Marianas Variety

Last updateSat, 21 Sep 2019 12am







    Sunday, September 22, 2019-10:21:34A.M.






Font Size


Regional News

Super Typhoon Maysak pounces on Yap

HAGÅTÑA —   Super Typhoon Maysak ripped through Yap on Tuesday, having gathered strength after it devastated the neighboring islands of Chuuk. As of 4 p.m. Tuesday, Maysak’s sustained winds reached 160 mph.

The eye of the Super Typhoon Maysak was ​expected to pass through Yap state just north of Fais and Ulithi on Tuesday. Fais Island and Ulithi atoll are part of the Yap jurisdiction. A typhoon warning was in effect for both Fais and Ulithi and the rest of Yap and weather officials expected damaging winds of 39 mph or more to last through Wednesday morning.

The National Weather Service warned Yap residents of damaging seas of 25 to 35 feet and coastal inundation between 8 to 12 feet for Ulithi and Fais. Up to 12 inches of rain was expected to fall on the islands of Yap, with most rainfall expected on Fais, Ulithi and Yap proper.

Maysak also passed Faraulep, atoll, also part of Yap on Tuesday.

According to Manny Hechanova, assistant director of Telecommunication and Distance Education Operation at the University of Guam, communication from Faraulep on Tuesday morning relayed information that of the estimated 170 people on Faraulep, no injuries were reported. Hechanova operates the radio communication with islands across Micronesia.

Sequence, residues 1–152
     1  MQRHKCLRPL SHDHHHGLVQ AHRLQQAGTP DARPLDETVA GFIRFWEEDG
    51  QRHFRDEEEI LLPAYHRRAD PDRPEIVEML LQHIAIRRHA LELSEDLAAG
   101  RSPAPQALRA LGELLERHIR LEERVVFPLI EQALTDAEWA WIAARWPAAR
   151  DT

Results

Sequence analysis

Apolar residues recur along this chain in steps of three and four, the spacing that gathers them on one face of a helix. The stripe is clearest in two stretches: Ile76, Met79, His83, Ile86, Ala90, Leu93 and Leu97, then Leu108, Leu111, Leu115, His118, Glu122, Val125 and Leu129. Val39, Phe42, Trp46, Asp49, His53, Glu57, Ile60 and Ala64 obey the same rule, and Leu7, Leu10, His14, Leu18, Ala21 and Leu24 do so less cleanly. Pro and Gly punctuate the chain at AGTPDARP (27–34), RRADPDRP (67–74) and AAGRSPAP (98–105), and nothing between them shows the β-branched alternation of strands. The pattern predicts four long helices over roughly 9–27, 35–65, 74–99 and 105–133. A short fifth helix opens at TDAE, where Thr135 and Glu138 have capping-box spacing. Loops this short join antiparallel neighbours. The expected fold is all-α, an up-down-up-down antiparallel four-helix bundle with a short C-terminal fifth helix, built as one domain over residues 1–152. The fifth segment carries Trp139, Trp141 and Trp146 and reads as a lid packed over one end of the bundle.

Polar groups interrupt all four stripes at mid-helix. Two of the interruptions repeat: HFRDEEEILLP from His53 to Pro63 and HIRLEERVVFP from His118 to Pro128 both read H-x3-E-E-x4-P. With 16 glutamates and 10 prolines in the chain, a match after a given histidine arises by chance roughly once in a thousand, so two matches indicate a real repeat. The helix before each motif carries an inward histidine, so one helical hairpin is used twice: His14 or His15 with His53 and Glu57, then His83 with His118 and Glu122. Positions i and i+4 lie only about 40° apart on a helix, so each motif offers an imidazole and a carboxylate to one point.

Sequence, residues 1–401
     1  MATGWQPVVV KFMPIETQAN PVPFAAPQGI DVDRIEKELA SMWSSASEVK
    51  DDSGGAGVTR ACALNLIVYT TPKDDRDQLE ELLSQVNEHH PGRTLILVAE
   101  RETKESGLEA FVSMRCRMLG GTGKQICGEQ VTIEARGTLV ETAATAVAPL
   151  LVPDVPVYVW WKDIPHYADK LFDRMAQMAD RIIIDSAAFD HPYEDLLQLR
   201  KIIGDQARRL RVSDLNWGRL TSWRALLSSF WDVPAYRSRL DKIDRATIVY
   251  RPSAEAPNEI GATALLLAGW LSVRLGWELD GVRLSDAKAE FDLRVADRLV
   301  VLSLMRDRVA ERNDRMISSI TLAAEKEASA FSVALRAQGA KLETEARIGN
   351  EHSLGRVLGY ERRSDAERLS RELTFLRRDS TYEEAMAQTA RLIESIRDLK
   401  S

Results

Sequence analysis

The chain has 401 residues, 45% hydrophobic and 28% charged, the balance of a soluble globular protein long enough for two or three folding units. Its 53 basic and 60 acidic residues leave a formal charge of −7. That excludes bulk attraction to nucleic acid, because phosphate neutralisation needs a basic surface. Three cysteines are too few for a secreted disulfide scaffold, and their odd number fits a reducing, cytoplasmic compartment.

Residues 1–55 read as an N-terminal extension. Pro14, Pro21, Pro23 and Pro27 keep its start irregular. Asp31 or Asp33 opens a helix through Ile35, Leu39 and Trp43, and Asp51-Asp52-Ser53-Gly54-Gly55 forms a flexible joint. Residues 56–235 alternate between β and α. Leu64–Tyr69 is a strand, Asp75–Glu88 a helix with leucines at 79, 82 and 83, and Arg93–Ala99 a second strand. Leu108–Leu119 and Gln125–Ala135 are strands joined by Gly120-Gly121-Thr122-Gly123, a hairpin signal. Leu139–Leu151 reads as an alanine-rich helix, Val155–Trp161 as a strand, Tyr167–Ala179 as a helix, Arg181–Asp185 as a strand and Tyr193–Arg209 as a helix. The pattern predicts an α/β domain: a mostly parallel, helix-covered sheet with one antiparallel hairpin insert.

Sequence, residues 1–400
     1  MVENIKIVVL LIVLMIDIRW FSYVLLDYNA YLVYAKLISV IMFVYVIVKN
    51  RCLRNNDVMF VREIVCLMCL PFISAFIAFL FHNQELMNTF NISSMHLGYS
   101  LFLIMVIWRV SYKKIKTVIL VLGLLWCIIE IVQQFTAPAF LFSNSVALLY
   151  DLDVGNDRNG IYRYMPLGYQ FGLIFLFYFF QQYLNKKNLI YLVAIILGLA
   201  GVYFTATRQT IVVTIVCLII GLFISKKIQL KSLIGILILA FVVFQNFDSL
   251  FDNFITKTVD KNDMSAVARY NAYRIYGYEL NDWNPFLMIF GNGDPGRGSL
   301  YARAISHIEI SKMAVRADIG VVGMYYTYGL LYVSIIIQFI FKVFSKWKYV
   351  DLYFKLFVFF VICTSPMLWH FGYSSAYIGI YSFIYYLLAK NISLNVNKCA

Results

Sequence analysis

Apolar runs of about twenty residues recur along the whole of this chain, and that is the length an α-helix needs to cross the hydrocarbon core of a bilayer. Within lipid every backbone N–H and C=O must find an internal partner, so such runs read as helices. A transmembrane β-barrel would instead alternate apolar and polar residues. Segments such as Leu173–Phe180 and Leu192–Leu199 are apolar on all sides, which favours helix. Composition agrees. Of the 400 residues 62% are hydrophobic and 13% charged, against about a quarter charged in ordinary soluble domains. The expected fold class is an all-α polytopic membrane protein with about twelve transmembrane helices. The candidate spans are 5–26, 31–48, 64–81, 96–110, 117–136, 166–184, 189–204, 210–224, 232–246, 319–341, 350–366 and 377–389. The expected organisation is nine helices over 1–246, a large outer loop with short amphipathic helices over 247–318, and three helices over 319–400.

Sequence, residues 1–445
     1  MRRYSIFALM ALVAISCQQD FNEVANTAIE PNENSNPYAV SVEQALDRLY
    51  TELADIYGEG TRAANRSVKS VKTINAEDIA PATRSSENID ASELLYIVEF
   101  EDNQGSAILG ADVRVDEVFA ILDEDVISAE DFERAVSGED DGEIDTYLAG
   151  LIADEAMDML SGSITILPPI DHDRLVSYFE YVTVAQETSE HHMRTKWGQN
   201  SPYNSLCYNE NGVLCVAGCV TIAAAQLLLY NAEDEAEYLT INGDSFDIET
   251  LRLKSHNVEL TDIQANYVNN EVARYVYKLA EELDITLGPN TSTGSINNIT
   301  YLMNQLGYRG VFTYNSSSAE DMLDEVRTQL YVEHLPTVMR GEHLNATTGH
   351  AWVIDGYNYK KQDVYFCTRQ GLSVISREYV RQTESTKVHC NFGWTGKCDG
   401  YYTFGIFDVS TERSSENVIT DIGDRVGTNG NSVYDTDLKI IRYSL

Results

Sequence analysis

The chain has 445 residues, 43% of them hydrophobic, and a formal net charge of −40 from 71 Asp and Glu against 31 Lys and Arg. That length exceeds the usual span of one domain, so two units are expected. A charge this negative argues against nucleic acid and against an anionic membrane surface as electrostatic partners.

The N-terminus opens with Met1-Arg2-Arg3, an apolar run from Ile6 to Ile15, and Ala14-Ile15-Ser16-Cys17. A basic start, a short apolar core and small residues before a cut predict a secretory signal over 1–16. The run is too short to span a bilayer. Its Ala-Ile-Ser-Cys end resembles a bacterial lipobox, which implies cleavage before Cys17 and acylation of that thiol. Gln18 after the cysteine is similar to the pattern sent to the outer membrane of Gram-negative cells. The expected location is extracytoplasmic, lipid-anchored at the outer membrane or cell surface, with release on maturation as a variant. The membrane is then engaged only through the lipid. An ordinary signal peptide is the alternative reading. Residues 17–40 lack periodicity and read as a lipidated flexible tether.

He said most of the fruit trees in Faraulep were down and there was an immediate need for food, water, clothing and medical supplies.

“The next challenge is to find a boat to send the supplies. The distribution from the main islands to the remote islands is tough to schedule because of the rough seas that follow the typhoon,” Hechanova said. Fais and Ulithi residents were advised to prepare for 150 mph winds, seek shelter and gather enough food and water for several days.

The Ayuda Foundation is already looking to aid residents of Yap, according to Carlotta Leon Guerrero, executive director. “We know Yap is going to need it,” she added.

The nonprofit organization has partnered with Bank of Guam to purchase medical mission boxes that are packaged to help people in remote locations like parts of Chuuk and Yap as soon as Maysak moves out of the region.